Certain shortcuts are visible, and audible. It's somewhat implausible that the band Sing Street - a play on Synge Street, the boys' alma mater - should sound so good so quickly, for one. The songs were written by Gary Clark, late of Danny Wilson ("Mary's Prayer"), and they strike the ear as very much the work of a fiftysomething musician with several Top 40 hits under his belt, not spoddy boys setting work-book poetry to half-inched guitar riffs. Carney's on surer ground when describing his hero's musical education: older brother Brendan (Jack Reynor) nudging his sibling in the direction of an idea of music-as-Art, the lazy afternoons spent in friends' bedrooms listening to their Jam and Joe Jackson LPs. What Sing Street nails in these sequences is the way we figure out what to listen to at a certain age, and in so doing figure out something of ourselves. (One might note that anybody exposed to Jackson's "Steppin' Out" at a formative moment is going to turn out just fine.)
More so than his breakthrough features, Sing Street is the film that best showcases Carney's assured comic touch: he elicits broad laughs from a local rogue's failed attempt at a three-point turn in a car blasting out Phil Collins, but also from such throwaway business as getting one of Conor's bandmates to open his front door while holding his pet bunny ("What you doin'?" "Just rabbit stuff.") And his great skill at accommodating different perspectives is again in evidence: one unshowy yet graceful cut reveals a late-night fraternal heart-to-heart in the kitchen is being observed by Conor's university-age sister Ann (Kelly Thornton), cutting through anything gooey by wondering whether this Raphina girl doesn't sound a tad pretentious. A lovely, genuinely lyrical scene finds the brothers observing their unhappy ma (Maria Doyle Kennedy, trailing echoes of The Commitments) through the backdoor, at which point we begin to grasp what a consolation music can be: it's what the siblings put on whenever their folks start arguing, hoping to muffle the harsher words.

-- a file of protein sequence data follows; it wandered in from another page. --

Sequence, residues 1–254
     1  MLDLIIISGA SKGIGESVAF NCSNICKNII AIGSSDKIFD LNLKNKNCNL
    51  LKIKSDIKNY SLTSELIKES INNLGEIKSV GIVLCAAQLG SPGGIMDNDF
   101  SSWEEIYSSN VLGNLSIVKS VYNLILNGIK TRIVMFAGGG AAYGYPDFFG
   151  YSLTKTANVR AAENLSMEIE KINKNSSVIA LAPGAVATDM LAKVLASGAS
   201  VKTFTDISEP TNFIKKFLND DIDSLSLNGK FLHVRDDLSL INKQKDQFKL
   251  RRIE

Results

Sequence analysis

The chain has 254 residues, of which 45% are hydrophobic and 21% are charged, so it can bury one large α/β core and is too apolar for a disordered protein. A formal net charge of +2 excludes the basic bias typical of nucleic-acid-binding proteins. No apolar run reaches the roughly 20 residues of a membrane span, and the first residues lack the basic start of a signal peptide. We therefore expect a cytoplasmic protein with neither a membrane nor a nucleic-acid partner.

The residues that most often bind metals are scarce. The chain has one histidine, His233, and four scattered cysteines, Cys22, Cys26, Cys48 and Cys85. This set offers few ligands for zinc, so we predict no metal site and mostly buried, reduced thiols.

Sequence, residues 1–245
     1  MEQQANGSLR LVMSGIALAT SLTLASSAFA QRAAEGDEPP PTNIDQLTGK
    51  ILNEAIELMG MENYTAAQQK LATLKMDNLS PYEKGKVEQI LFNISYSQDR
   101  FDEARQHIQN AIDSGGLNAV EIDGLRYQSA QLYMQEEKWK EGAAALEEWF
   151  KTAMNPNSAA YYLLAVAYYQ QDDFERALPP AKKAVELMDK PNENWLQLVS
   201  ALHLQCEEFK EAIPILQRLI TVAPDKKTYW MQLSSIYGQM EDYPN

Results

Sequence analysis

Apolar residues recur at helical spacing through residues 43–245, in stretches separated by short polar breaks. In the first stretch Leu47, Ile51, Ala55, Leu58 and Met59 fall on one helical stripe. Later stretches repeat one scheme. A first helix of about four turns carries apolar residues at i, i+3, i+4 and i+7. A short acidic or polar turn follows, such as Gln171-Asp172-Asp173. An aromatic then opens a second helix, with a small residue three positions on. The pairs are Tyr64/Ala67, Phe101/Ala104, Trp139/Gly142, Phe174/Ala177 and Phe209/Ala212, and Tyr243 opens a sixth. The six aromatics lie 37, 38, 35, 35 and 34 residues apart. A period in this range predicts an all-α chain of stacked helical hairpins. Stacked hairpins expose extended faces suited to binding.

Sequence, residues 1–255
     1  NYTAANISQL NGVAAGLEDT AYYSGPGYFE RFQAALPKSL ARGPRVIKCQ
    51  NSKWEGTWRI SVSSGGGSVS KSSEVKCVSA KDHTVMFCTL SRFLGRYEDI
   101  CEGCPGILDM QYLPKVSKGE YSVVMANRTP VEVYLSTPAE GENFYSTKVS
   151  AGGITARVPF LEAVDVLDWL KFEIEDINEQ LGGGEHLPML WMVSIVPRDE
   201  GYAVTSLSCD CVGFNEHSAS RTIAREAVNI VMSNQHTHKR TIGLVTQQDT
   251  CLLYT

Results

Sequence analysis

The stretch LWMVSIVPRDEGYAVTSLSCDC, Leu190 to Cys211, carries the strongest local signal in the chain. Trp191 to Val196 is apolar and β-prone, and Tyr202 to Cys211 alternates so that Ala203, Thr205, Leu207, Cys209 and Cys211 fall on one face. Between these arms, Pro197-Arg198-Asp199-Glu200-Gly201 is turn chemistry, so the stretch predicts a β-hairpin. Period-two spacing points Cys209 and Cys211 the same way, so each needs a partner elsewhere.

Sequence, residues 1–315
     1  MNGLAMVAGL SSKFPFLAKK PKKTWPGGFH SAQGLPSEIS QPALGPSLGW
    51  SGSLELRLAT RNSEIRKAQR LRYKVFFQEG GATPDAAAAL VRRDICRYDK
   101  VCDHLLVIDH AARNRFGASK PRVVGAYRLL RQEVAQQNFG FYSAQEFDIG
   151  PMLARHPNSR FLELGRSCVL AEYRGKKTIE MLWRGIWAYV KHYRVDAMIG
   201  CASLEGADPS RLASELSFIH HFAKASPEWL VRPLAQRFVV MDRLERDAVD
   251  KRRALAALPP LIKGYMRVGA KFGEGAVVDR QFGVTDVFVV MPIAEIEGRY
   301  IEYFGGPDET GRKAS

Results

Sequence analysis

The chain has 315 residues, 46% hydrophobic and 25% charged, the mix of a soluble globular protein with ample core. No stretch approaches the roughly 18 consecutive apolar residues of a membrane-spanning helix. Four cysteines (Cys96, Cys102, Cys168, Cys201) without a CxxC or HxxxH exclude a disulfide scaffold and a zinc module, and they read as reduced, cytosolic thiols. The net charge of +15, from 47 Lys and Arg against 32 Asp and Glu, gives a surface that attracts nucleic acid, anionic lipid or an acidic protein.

There are points where the generosity of spirit gets too much, where Carney's (p)optimism becomes unmoored from anything so challenging as reality. Around the ninety-minute mark, it becomes apparent there is nothing this music cannot achieve. Get the girl! Heal the wounds left behind by divorce! Overthrow the tyranny of the Christian Brotherhood! Keeping one's headphones on too long risks turning the brain to mush, a caution that came to mind as Carney pushes his youthful leads out on the roughest-looking stretch of the Irish Sea (music can change the course of your life!) come the final movement. He means to leave us punching the air at this great escape, yet this viewer could only fear the worst: that these kids' corpses would wash up on a nearby shore within 24 hours. A song's one thing, adequate health-and-safety provision quite another. At its best, however, Sing Street serves - as did Once and Begin Again - to make music graspable for even those of us who've never been within ten feet of a Peavey amp, dramatising both how and why we're drawn to it, and what it comes to communicate about our fragile hopes and desires. Here's a film that knows a three-minute pop song often expresses something of the world, of ourselves and of others, far more succinctly and stirringly than any number of words on a page.
Sing Street opens in cinemas nationwide today.